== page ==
Western Australia mining magnate Andrew Forrest has promised to step on the gas in a drive to ensure that plentiful supplies from the gas-rich western side of Australia can rally to the rescue of energy-starved markets in the eastern states of the country.
Speaking at the Boao Forum in China, the Fortescue Metals chairman said he was prepared to pull out all the stops to ensure that gas could be transported from the west to the east coast—a distance of more than 4,050 km (2,500 miiles)—as early as the end of 2019.
The billionaire iron ore magnate claimed that his company would be able to move swiftly and decisively and that only government approval, or lack thereof, could stop his plans to ship LNG from the North West Shelf to a New South Wales port, potentially Port Kembla or Newcastle. Forrest is looking into the possibility of transferring LNG cargoes into a fixed vessel operating as a regasification terminal in port and then into existing pipelines. The distance from Karratha, where the Woodside-led North West Shelf LNG plant is located, to Newcastle is 5,308 km (3,298 mi.).
Forrest’s great uncle, Sir John Forrest, was the first premier of Western Australia and it was under his watch more than 100 years ago that a critical 600 km (372 mi.) water pipeline was constructed from Mundaring Weir, north of Perth, to Kalgoorlie in the Goldfields, where it sustains 100,000 people today.
The water pipeline was designed by Irish engineer C.Y. O’Connor, who endured extreme criticism from politicians and the press sceptical about the project and its cost. This criticism took its toll on O’Connor, who committed suicide in the sea at Fremantle—where the beach is named after him—and never got to see his work celebrated as a big success.
In 1903 the water pipeline was built at a cost of AU$5 million (US$3.9 million), but if it was constructed today the cost has been estimated at AU1.5 billion (US$1.17 billion).
Forrest, affectionately known as “Twiggy,” is the founder of the world’s fourth largest iron ore exporter has a diversification vision for Fortescue with gas from the North West Shelf prominent in his plans. The only poser is how to get the resource from the west to the east coast and whether or not a pipeline would be the most economical solution.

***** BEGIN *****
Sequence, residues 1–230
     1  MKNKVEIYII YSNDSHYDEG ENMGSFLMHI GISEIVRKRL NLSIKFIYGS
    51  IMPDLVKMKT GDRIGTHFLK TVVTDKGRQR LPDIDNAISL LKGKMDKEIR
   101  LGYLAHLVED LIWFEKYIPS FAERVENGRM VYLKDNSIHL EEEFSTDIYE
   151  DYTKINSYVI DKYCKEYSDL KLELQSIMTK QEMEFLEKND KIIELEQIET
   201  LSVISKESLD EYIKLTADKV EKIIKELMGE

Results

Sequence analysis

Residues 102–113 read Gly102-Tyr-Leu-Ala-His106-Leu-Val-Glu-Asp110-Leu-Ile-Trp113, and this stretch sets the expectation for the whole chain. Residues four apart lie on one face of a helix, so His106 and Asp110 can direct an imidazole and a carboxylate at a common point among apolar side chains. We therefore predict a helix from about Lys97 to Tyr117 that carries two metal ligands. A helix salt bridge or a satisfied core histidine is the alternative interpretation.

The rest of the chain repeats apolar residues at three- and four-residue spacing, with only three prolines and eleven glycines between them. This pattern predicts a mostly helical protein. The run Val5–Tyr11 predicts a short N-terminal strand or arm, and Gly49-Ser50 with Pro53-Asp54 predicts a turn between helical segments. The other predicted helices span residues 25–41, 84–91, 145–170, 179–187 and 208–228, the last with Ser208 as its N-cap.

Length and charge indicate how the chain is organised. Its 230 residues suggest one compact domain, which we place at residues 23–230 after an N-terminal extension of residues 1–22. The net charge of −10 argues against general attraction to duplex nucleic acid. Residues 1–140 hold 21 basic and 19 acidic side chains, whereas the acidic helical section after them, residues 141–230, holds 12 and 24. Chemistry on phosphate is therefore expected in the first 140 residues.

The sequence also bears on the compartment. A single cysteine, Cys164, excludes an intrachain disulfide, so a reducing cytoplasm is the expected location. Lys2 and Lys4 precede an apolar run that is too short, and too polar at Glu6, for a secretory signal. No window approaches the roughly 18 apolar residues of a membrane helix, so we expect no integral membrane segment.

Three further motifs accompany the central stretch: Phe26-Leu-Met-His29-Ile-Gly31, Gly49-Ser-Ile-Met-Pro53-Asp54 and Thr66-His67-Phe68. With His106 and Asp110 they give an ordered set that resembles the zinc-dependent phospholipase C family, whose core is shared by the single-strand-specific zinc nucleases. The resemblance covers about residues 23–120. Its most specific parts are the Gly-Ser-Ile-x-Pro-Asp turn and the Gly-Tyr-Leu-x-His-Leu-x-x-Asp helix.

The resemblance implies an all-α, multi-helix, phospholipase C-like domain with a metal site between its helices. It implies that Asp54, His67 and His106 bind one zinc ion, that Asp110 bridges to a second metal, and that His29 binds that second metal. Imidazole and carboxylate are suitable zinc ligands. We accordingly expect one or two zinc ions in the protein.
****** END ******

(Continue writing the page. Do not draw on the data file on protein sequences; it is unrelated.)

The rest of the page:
Forrest has already established a joint venture, Australian Industrial Energy, with Japan’s Marubeni and Jera as minority shareholders. Forrest holds a controlling interest in AIE through his private company Minderoo.
The release of a pipeline study launched by Australian Energy Minister Josh Frydenberg is imminent, but Forrest has suggested he would like to push for a final investment decision this year for construction of his “virtual pipeline”—encompassing LNG cargo vessels and offshore regasification terminals.
Forrest led the Australian delegation to China with a group that included Woodside CEO Peter Coleman, but no senior government members were present with Prime Minister Malcolm Turnbull and Foreign Minister Julie Bishop notably absent against the backdrop of the simmering US-China trade war.
Drillers cut nine oil rigs in the week to March 22, bringing the total count down to 824, the lowest since April 2018, Baker Hughes, a GE company (NYSE: BHGE), said in its weekly report.
The independent U.S. energy producer aims to take a final investment decision on the $20 billion project in the coming months, having signed up long-term buyers for its LNG.
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